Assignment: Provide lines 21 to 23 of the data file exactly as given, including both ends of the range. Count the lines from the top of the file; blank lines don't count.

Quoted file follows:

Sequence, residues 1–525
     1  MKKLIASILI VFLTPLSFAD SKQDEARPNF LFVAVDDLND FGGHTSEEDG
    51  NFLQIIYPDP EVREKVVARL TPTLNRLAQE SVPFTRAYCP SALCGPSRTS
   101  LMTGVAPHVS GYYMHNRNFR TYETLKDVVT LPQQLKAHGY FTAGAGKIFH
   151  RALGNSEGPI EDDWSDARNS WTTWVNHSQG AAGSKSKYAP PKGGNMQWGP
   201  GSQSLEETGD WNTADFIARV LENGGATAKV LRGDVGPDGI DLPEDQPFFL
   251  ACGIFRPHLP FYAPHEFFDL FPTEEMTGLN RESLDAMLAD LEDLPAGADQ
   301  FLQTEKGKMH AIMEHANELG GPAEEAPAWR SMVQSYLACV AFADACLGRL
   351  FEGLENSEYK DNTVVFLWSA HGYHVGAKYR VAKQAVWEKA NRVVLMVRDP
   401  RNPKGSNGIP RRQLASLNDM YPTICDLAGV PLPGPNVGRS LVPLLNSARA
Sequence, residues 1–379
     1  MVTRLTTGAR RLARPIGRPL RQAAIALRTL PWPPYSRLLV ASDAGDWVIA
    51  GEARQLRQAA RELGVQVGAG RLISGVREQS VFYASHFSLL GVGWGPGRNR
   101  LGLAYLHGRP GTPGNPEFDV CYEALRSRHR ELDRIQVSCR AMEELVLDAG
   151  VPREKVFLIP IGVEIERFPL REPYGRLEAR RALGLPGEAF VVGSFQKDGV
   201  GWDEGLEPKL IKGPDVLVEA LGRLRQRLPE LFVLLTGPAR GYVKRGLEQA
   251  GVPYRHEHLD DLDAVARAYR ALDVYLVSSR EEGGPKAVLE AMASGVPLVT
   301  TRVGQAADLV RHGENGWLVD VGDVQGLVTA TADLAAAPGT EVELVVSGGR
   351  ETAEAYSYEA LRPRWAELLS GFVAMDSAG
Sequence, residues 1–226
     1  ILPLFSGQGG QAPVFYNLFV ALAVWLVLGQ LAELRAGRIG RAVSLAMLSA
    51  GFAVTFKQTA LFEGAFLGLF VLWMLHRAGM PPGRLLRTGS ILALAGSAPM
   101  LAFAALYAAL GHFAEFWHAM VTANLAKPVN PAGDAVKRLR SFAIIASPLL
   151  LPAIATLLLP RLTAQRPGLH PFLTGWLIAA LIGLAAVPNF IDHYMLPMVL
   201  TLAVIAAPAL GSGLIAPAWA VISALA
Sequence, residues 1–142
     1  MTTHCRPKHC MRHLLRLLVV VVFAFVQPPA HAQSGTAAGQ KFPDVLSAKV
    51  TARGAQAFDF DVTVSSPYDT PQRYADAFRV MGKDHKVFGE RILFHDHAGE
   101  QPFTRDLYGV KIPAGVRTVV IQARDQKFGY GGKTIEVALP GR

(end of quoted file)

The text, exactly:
     1  ILPLFSGQGG QAPVFYNLFV ALAVWLVLGQ LAELRAGRIG RAVSLAMLSA
    51  GFAVTFKQTA LFEGAFLGLF VLWMLHRAGM PPGRLLRTGS ILALAGSAPM
   101  LAFAALYAAL GHFAEFWHAM VTANLAKPVN PAGDAVKRLR SFAIIASPLL